China tightens rules for mask exports amid quality concerns

Source:Global Times Published: 2020/4/25 15:38:40

Medical materials from China arrive at the Liege airport in Belgium, on March 18. A batch of 1 million donated medical masks were flown in Belgium on Wednesday, en route to France. The medical supply was mobilized by two Chinese charities to help combat the spread of COVID-19. Photo: Xinhua

China tightened supervisions and standardizations on urgently needed medical products to ensure quality over the weekend, as part of a move to address quality concerns amid growing exports to help the global fight against COVID-19.

On Saturday, China released new rules that require all non-medical masks must be up to its own or foreign quality standards before being exported, according to an announcement on the website of the Ministry of Commerce.

Meanwhile, exporters have to file for a written declaration that their medical products meet import countries' or regions' quality standards and safety requirements, according to the ministry.

A day prior to the move, the textile industry association in East China's Jiangsu Province issued the standard for polypropylene melt blown nonwovens, a critical material for making face masks, for its members - the first adoption of a standard in China.

The move came at a time when the pandemic is wreaking havoc worldwide, causing a sharp increase in demand for medical supplies, resulting in skyrocketing prices of material supplies due to the growing demand.

On Friday, British Airways announced that it would increase the number of flights to China to meet the growing demand for medical supplies. The company resumed direct flights between China and the UK in mid-April that were earlier suspended due to the COVID19, using all its passenger flights for cargo - the first time in the company's history.

Apart from the UK, many other countries that have been walloped by the virus, including the US, Spain, and Italy, have also been desperately seeking medical supplies causing a global supply shortage and chaos in the medical equipment market.

A source based in Central China's Hunan Province, who has invested in two mask production lines after the pandemic, told the Global Times the thing he worried about most recently is the severe shortage of melt-blown nonwovens, which has limited his company's production capacity and posed huge risk on his investment.

According to him, several businessmen like him have invested in the medical equipment after the pandemic as they predicated huge demand for personal protective equipment amid the pandemic, but the shortage of material supply has poured cold water on their plans and triggered anxiety for the investors.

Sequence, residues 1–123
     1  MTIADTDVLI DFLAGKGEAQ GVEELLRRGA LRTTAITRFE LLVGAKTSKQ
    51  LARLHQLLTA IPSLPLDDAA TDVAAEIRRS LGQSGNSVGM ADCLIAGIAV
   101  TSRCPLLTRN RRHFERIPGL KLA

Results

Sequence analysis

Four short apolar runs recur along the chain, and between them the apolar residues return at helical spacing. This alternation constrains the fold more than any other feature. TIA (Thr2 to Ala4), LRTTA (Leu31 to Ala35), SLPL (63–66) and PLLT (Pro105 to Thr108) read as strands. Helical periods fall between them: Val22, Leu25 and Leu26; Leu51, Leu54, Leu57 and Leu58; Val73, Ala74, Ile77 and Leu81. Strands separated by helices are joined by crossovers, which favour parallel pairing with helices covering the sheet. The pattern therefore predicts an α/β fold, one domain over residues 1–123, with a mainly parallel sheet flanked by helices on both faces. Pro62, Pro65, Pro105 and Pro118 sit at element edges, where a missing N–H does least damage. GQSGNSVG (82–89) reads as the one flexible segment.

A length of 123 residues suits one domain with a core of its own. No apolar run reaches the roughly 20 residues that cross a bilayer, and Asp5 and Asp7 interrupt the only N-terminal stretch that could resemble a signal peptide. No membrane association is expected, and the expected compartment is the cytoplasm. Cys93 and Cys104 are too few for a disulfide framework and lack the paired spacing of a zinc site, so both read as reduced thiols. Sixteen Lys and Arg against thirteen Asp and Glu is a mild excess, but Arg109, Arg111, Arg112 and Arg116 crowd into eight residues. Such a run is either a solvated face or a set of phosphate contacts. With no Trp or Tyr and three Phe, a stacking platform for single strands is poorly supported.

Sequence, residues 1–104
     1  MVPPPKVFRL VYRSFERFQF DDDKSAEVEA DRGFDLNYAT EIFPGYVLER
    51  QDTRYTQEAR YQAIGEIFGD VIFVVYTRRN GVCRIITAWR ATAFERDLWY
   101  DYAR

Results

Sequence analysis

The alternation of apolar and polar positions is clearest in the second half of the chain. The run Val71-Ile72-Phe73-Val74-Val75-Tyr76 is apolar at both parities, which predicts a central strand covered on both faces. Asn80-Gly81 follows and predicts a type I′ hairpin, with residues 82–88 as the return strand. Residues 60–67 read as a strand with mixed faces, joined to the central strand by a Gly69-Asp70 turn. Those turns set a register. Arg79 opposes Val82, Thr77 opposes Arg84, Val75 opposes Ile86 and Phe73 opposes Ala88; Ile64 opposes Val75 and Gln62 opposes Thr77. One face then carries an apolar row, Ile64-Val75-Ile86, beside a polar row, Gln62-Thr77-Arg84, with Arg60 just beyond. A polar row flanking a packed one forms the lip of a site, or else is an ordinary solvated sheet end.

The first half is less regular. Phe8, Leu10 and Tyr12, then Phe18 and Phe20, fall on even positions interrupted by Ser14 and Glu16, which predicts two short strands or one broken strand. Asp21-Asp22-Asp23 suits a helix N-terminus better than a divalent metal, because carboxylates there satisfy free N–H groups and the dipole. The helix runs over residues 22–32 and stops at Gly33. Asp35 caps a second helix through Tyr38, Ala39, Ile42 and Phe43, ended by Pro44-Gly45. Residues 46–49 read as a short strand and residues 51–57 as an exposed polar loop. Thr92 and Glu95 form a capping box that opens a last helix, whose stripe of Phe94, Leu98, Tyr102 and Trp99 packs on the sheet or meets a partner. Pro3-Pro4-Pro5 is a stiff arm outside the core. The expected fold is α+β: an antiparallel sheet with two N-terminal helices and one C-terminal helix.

With the material supply shortage, price rise, and even some products that are substandard, China has adopted measures, including customs inspection, export qualification check, and facilitating factories' production.

On March 31, Chinese Customs, Ministry of Commerce, and National Medical Products Administration jointly released a statement on medical supplies export, which detailed the specific requirement.

According to official data, from March 1 to April 4, China has exported life-saving supplies worth 10.2 billion yuan ($1.43 billion), including 3.86 billion masks, 37.52 million sets of protective outfits, and 16,000 ventilators.

While China has been increasing and improving its medical supplies to the world, many countries, by contrast, have issued a trade ban, which involves medical and even food supplies, according to a report by WHO on Thursday, following which the WHO and IMF jointly called for lifting such bans. 

"As our members grapple with their response to the global health and economic crisis, we call for more attention to the role of open trade policies in defeating the virus, restoring jobs, and reinvigorating economic growth," WHO and IMF said in a joint statement.

"In particular, we are concerned about supply disruptions from the growing use of export restrictions and other actions that limit trade of key medical supplies and food," read the statement.


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